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Murdannia keisak

Biological Category 
Species Type 
NY Invasiveness Rank 
LHPrism Status 
Tier 1 - Threat

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  • Marsh dewflower is a member of the Spiderwort family (Commelinaceae).
  • A member of the spiderwort family (Commelinaceae), Marsh dewflower is an annual, emergent plant with weak, succulent stems and small, pink, fall-blooming three petaled flowers characteristic of the family. (4)

Leaves are alternately arranged, lance-shaped and up to three inches in length. (4)

Flowers are small, pale pink to pale purple to white, three petaled and bloom in the fall. Flowers can be arranged singly or in small clusters at the ends of stems or in the leaf axils. (2)

Introduction History 
Marsh dewflower was accidentally introduced to the United States in 1935 when rice plants from its native range were imported for cultivation. The species is now extant in at least 16 states. (2, 3)
Ecology and Habitat 
Marsh dewflower favors freshwater habitats such as the edges of ponds, wetlands, and streams. (8)
Reproduction and Phenology 
Marsh dewflower reproduces both sexually, via production of copious amounts of tiny seeds, and vegetatively, by rooting at lower stem nodes. (7) Vectors include water, human activity and waterfowl (6, 7)
Impacts of this species 

Marsh dewflower is an aggressive invader of marshes, wetlands, ponds and stream edges. Capable of traveling great distances via waterfowl, this species can establish new colonies from plant stem fragments and seeds. Dense aggregations of Marsh dewflower can shade out plants growing below it, thereby altering the diversity of the communities it invades. Furthermore, the thick vegetative mats formed by large infestations can reduce water flow and stabilize sediments, causing a cascade of environmental and ecological changes. (9)

Management Methods 

Biological Control
There is no biological control agent currently in use against this species.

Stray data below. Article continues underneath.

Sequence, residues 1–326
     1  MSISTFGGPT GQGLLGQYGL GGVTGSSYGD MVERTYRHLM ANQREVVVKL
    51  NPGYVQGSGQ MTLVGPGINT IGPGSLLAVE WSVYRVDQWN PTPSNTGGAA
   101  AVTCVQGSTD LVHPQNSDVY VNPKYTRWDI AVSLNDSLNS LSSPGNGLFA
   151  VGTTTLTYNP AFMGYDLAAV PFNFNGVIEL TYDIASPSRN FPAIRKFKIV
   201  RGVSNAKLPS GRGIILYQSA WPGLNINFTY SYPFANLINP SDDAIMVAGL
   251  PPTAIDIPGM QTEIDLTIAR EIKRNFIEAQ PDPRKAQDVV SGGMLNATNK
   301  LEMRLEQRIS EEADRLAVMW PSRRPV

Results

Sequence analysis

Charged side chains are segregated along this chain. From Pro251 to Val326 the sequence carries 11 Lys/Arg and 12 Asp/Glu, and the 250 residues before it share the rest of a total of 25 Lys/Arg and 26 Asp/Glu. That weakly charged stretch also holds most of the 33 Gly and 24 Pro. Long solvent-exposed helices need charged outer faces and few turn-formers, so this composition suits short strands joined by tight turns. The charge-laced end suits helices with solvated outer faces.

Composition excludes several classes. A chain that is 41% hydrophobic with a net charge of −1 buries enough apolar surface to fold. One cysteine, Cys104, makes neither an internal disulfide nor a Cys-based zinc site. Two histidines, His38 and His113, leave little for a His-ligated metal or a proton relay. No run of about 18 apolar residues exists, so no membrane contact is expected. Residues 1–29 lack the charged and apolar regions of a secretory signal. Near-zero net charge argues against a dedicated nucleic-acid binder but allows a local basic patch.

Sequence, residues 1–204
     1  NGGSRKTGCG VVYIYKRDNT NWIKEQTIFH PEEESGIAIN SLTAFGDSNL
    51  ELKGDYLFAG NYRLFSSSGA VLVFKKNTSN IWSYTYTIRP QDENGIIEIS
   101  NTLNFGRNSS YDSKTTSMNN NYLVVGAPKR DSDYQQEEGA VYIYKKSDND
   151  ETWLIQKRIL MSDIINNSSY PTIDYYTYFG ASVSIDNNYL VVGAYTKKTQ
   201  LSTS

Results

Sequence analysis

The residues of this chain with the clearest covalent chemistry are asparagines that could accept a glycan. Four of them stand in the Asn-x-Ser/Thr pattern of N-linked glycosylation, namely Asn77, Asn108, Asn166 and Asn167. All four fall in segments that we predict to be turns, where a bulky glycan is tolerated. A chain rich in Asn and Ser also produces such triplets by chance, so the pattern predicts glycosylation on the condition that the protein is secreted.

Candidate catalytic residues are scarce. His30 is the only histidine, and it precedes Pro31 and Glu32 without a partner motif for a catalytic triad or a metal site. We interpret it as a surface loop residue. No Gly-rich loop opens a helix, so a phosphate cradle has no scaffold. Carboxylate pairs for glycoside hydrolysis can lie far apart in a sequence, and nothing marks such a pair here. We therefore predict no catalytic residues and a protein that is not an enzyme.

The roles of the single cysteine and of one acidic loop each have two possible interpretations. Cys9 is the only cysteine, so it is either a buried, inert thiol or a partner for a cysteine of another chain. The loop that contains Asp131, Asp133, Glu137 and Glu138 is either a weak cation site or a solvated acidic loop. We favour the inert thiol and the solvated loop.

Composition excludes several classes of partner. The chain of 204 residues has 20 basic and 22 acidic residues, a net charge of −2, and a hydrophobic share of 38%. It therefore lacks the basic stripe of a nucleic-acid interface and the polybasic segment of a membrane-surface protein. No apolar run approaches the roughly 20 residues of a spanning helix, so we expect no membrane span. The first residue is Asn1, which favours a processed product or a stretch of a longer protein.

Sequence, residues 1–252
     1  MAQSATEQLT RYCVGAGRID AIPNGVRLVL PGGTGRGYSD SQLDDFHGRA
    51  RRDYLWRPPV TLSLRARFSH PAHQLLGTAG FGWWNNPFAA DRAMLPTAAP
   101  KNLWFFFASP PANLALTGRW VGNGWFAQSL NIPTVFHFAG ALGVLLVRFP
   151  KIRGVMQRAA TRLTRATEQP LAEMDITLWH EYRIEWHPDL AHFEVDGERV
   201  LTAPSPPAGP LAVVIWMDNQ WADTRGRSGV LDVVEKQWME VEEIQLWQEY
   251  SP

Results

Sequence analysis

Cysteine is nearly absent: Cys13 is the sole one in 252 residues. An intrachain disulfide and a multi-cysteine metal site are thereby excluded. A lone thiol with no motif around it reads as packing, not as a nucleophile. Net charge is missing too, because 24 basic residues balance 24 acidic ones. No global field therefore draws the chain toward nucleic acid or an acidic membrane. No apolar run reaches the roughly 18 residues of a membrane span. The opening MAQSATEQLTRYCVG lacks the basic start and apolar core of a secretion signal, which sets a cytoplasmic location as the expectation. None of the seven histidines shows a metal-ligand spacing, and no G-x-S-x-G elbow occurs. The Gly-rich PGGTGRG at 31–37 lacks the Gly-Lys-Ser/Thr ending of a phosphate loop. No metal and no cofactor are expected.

Manual or Mechanical Control
Pulling / Digging Up: Not advisable. Fragmented stems are easily dispersed and resprout, forming new colonies. (9)

Mowing: Not applicable

Girdling: Not applicable

Prescribed Fire: No information available

Prescribed Grazing: Not applicable

Soil Tilling: Not applicable

Mulching: No information available

Solarization: No information available

Hot Foam Spray: No applicable

Chemical Control
The pesticide application rates and usage herein are recommendations based on research and interviews with land managers.  When considering the use of pesticides, it is your responsibility to fully understand the laws, regulations and best practices required to apply pesticides in a responsible manner.  At times, the pest you seek to treat may not be on a pesticide label, requiring a 2ee exemption from NYSDEC.  Always thoroughly read the label of any pesticide and consult the NYSDEC or a licensed pesticide applicator with questions.

Foliar Spray: A wetland safe 2-3% solution of glyphosate is effective at managing populations of Marsh dewflower. Treatment should be performed prior to fruiting/seed set. Follow up treatment may be necessary in subsequent years.  (11)

Cut Stump: Not applicable

Basal Bark: Not applicable

Stem Injection: Not applicable

Pre-Emergent Spray: Not applicable

Summary of Best Managment Practices 

General management overview and recommendation
As with any other invasive infestation, large occurrences of Marsh dewflower are best managed via a combination of mechanical and chemical means.  Small seedlings or outlying plants can be hand pulled but care must be taken to remove all plant material. Dense patches must be sprayed to attain good control. All managed infestations should be monitored to prevent reinvasion from nearby populations, or re-sprouting of vestige fragments. Any new occurrences can be sprayed. 

Post treatment monitoring
Any infestations managed by chemical means must be revisited in 2-3 weeks to check for treatment efficacy. Follow up spot treatments may be necessary for at least one year after initial treatment. 

Disposal Methods 
Any pulled for fragmented plant material must be bagged and disposed of in a landfill or thoroughly dried and composted.